Auto Express recently published the results of an experiment they carried out to test the effectiveness of high visibility vests – a bit of a misnomer that, as we’d called them waistcoats or jackets, ‘vest’ being the American term, but anyway ….
They tested four roads, one lit by street lamps, the other three not. A person stood on the roadside as the testers drover past. For the first test he wore his street clothes; for the second a high visibility vest. A stopwatch recorded the gap between the driver spotting the pedestrian and the vehicle reaching him – in other words, the driver’s reaction time. The pedestrian was relocated for each test so the driver couldn’t anticipate his position. The results were shocking.
Route one was a narrow, heavily wooded rural road with light but fast-moving traffic and no pavement or street lamps. At 40mph, blinded by oncoming headlamps, the driver spotted the pedestrian only three seconds before reaching him. In reflective gear, the reaction time was more than tripled to eleven seconds meaning the reaction distance was nearly quadrupled!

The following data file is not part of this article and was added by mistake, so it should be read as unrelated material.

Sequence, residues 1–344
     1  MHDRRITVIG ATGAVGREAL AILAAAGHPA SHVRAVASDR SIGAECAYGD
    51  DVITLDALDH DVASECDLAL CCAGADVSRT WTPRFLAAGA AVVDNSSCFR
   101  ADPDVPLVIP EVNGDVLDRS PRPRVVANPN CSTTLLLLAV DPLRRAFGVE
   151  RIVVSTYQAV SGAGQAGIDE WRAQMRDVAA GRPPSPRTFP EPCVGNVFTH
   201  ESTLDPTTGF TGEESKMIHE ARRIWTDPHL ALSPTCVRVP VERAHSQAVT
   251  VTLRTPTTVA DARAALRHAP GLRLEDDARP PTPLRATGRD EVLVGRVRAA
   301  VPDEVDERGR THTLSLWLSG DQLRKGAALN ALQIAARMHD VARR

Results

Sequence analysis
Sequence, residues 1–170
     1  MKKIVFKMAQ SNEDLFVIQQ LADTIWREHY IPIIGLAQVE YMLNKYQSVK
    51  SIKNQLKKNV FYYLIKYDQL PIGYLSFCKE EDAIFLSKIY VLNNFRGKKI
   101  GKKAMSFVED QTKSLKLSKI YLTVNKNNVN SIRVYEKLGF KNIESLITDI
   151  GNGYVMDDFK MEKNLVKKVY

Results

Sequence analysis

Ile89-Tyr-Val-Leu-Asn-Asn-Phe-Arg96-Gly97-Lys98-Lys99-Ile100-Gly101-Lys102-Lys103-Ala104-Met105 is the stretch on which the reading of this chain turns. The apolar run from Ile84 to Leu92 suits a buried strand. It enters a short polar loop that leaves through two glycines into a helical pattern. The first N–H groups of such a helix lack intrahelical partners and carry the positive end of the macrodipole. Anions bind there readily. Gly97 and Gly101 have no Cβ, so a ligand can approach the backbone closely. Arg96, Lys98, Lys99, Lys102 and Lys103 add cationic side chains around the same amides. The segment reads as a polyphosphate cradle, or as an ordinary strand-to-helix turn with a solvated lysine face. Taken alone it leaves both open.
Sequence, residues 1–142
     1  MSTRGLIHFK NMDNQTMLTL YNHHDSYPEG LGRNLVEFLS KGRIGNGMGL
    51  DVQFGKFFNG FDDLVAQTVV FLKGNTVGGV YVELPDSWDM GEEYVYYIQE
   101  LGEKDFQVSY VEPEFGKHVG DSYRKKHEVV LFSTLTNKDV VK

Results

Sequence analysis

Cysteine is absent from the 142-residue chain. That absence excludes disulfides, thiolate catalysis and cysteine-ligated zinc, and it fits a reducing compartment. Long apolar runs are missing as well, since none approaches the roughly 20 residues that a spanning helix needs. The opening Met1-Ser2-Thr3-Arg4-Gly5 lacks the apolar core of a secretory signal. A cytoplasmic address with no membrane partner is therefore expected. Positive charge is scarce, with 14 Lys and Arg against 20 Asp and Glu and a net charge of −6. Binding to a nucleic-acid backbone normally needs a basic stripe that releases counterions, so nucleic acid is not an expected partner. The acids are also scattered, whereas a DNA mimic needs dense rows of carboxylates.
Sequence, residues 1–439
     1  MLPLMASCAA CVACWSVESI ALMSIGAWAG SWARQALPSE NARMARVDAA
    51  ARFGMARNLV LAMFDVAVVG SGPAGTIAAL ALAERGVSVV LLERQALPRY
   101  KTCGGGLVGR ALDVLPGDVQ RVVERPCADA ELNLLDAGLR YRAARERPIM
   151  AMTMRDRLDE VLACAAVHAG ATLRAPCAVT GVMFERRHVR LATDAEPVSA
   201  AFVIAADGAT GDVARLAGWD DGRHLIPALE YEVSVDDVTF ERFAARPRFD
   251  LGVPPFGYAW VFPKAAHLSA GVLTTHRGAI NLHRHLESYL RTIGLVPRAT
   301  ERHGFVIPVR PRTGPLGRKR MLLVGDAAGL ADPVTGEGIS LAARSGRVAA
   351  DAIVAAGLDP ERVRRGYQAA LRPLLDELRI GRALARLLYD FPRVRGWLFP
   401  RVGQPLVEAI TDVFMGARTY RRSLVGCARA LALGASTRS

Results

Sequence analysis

The next story is even worse – on a fast, unlit dual carriageway at 65mph, the pedestrian wasn’t spotted until two seconds before being passed – barely time to operate the stopwatch! The driver would never have avoided him had he stepped into the road but with the high visibility top, the time was seven seconds and the reaction distance was again virtually quadrupled. Interestingly, in the third ‘unlit’ test – the only one carried out with headlamps on full beam – the differentials were smaller but the overall reaction times better. On a open A-road there was more opportunity to spot the pedestrian. At 40mph the figure was six seconds. With the high visibility clothing, sixteen seconds – over twice the time and about two-and-a-half times the viewing distance. The final trial was on a busy, lit suburban A-road at 35mph. As you would expect, the pedestrian was spotted much sooner, without and with a vest. The reaction time was 25 seconds when the pedestrian had the vest on, so the driver even had time to pull over to help without endangering pedestrian, himself or other traffic.
Perhaps it’s time for
Safety vests must be worn photograph by Exfordy, used under a creative commons attribution licence